Saturday, August 29, 2009

Grammar Nazi Remains Unphased

Grammar Nazi here. Yeah, it's been a while. Don't assume that means I haven't encountered any egregious errors; it just means I've been busy.

Today's topic is another phonetic train wreck a lot of folks get into: The difference between phased and fazed. More people get mixed up on the differences between these two words than you'd think.

Phased is the past tense of the verb to phase, which means "to schedule or order so as to be available when or as needed," or, alternately, "to put in phase," according to the American Heritage Dictionary. The word has its root in the Greek phasis, which means appearance.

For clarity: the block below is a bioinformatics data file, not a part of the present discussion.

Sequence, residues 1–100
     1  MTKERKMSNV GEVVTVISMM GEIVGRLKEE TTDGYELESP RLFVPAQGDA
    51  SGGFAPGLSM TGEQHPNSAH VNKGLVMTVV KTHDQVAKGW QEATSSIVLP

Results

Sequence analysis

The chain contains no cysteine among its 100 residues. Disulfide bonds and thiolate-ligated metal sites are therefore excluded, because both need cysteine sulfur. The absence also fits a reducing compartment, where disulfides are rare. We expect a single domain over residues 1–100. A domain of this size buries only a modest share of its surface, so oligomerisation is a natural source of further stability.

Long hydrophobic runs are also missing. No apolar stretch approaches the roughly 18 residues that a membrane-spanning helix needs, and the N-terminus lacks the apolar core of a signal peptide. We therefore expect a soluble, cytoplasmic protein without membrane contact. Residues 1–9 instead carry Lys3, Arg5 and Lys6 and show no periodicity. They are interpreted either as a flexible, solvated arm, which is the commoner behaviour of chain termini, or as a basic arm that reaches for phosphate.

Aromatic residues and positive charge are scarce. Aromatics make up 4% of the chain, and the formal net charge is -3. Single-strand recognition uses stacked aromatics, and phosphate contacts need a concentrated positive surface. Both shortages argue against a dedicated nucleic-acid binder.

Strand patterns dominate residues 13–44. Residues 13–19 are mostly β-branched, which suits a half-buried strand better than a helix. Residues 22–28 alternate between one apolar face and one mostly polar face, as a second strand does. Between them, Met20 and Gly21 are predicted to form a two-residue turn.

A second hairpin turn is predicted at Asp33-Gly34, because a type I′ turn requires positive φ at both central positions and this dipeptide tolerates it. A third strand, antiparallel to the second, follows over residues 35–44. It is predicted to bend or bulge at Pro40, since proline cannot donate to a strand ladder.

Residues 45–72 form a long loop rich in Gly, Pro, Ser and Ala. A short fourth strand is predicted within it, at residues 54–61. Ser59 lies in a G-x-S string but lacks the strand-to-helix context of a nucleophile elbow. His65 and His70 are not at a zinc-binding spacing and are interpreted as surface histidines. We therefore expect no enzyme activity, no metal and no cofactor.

Fazed is the past tense of the verb to faze, which means "to cause to be disturbed or disconcerted," and is a synonym of to daunt or to fluster. The word is an American invention, popping up in common circulation in the early 1820s.

It's almost comical how many times I see people write phased when they mean fazed. Sometimes it goes the other way, but more often than not, it's that someone is trying to phase someone out -- and it's clear in context they mean fazed. All of it just makes me want to put my "fazers" on stun. And remember, I'm a Grammar Nazi, not a bricklayer.

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